52. See D Mandel, ‘The Intelligentsia and the Working Class in 1917, Critique, no 14, 1981, pp67ff.
53. L Schapiro, The Communist Party of the Soviet Union, London, 1970, pp172-3.
54. D Mandel, The Petrograd Workers and the Soviet Seizure of Power: From the July Days 1917 to July 1918, Basingstoke, 1984, p397.
55. Despite his optimism in respect of the capabilities of the Russian working class around the time of the October Revolution, Lenin soon realised that the dreadfully low level of culture in Russia was a tremendous handicap. Although considerable numbers of educated people came around to serve the Soviet regime, he was to become increasingly preoccupied with the problem of the low cultural level, particularly within the working class. In March 1919 he said that due to this, the Soviet regime was in fact a ‘government for the working people’ run by the ‘advanced section of the proletariat’, and ‘not by the working people as a whole’ (VI Lenin, ‘Report on the Party Programme’, Collected Works, Volume 29, Moscow, 1977, p183, original emphasis).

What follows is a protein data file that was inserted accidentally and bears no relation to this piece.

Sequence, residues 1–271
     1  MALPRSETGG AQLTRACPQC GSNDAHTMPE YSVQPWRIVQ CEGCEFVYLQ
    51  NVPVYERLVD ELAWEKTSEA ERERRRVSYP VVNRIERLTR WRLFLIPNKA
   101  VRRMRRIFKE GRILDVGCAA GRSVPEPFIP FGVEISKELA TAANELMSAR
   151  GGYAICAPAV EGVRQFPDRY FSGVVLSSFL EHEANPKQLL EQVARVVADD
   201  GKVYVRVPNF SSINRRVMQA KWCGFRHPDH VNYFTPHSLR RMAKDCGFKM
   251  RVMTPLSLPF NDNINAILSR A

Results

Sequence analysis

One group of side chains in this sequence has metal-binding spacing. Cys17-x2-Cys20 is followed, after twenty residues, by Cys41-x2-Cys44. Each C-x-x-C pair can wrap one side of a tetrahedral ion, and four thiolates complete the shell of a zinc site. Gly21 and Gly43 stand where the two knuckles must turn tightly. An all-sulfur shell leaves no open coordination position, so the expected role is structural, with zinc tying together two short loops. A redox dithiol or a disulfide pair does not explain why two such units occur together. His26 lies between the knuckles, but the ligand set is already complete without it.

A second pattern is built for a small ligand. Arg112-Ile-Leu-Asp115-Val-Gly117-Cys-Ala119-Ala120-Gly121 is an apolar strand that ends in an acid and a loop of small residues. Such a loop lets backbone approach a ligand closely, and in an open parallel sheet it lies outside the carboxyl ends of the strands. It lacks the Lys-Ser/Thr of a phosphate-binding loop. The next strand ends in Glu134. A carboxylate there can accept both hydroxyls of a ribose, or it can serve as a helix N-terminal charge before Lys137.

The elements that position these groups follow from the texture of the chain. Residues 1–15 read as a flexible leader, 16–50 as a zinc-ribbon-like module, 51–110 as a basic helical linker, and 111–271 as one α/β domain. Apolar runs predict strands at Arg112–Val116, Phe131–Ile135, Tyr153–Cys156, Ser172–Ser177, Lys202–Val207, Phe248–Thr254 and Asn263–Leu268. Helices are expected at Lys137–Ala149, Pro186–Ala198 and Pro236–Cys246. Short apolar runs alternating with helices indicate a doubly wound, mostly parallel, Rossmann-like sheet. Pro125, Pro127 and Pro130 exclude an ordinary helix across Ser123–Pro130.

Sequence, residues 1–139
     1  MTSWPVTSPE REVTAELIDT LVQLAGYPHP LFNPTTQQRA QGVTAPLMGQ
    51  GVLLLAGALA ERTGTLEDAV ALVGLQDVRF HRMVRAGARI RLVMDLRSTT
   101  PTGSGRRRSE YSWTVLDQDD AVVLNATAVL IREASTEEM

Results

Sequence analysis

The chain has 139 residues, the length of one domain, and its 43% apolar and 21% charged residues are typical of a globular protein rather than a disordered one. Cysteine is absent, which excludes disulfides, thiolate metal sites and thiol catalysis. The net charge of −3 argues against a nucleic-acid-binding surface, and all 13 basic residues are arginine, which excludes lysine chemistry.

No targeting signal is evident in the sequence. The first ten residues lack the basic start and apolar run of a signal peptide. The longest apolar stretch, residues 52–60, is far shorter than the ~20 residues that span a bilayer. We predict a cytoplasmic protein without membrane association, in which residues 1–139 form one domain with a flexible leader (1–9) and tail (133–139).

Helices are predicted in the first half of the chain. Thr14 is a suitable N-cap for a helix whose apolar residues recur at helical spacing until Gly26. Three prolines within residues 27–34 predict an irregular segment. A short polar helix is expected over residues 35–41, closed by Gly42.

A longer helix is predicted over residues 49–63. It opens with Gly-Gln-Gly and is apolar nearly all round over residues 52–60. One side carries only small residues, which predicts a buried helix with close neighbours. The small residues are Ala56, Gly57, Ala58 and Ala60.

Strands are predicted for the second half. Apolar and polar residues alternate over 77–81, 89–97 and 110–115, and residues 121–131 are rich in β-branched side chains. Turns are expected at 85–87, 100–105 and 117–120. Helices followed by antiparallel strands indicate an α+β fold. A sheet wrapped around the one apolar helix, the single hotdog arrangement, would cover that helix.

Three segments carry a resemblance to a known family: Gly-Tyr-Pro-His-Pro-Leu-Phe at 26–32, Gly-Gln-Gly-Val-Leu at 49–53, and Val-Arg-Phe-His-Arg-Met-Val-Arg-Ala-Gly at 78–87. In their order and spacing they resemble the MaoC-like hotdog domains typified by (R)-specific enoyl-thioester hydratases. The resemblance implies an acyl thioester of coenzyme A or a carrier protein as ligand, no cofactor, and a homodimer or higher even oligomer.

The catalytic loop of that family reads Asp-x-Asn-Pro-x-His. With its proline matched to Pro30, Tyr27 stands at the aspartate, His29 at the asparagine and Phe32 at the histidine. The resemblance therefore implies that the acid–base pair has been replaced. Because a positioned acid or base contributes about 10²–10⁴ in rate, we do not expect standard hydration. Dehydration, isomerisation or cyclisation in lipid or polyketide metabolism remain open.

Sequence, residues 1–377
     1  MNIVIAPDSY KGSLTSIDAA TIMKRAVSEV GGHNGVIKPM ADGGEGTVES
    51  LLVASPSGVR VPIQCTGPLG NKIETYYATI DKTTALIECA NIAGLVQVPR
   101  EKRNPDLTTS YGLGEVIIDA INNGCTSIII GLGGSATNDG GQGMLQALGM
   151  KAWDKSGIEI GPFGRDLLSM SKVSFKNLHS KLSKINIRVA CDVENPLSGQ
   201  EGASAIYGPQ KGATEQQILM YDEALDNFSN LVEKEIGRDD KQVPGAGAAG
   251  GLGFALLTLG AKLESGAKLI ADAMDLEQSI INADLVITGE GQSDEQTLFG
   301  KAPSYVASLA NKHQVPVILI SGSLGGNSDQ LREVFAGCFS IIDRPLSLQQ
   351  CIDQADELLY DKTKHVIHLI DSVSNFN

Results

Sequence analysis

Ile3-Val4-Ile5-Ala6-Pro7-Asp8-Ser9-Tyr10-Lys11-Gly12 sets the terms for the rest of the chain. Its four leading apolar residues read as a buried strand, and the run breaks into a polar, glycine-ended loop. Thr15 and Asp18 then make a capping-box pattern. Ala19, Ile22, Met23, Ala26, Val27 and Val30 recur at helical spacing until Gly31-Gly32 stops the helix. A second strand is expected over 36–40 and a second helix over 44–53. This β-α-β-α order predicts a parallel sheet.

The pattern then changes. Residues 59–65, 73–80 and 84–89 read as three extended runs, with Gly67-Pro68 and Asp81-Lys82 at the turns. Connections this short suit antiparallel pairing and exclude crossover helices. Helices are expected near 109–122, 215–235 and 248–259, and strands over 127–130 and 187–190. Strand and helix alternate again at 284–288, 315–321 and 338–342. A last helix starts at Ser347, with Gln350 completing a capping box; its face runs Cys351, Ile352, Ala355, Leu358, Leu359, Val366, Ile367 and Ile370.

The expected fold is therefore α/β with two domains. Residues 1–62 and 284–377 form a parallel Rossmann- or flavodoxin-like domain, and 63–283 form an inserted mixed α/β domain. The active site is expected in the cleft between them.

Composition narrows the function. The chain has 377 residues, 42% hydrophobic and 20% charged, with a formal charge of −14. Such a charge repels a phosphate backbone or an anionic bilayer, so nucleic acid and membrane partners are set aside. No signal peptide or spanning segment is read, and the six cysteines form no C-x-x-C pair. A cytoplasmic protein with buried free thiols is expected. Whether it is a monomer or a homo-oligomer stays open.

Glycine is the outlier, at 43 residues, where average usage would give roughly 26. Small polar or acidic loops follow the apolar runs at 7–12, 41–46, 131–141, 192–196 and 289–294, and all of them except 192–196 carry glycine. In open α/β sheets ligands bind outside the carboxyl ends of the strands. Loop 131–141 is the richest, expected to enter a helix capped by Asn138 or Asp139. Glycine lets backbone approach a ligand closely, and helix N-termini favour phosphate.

56. R Conquest, The Great Terror: A Reassessment, London, 1990, p7. Moshe Lewin, however, says that by the end of the Civil War, the Soviet regime did have a social base, but it was quite different from that of 1917, and ‘consisted of the army, the police and major sections of the bureaucracy, which, even though hostile to the Bolsheviks, had no other masters to serve’ (M Lewin, The Making of the Soviet System, London, 1985, p201).
57. Liebman, op cit, p304.
58. TH Rigby, Political Elites in the USSR, Aldershot, 1990, p31.
59. Liebman, op cit, p305.
60. C Rakovsky, ‘The "Professional Dangers" of Power’, Selected Writings on Opposition in the USSR 1923-30, London, 1980, pp126. I think that the situation was retrievable even as late as the latter half of the 1920s.
Successful proletarian revolutions in the advanced capitalist countries would have created a democratising impulse within the Soviet leadership, and there would then be every reason to encourage the revival of class consciousness within the proletariat. In the absence of revolutions in the West, however, the trend towards the Soviet leadership becoming a self-conscious ruling elite continued, and the emergence during the First Five Year Plan of 1929-33 of such an elite put paid to any genuine democratising tendencies, except as oppositional movements.
61. R Pipes, ‘The Historical Evolution of the Russian Intelligentsia’, in Pipes, The Russian Intelligentsia, op cit, p48.
62. Trotsky’s emphasis upon the intellectual superiority of the Left Opposition over Stalin’s faction is thoroughly justified. See LD Trotsky, Stalin: An Appraisal of the Man and his Influence, New York, 1970, pp398-9. The Right Opposition around Bukharin was also intellectually far superior to Stalin’s faction.
from Collective Action Notes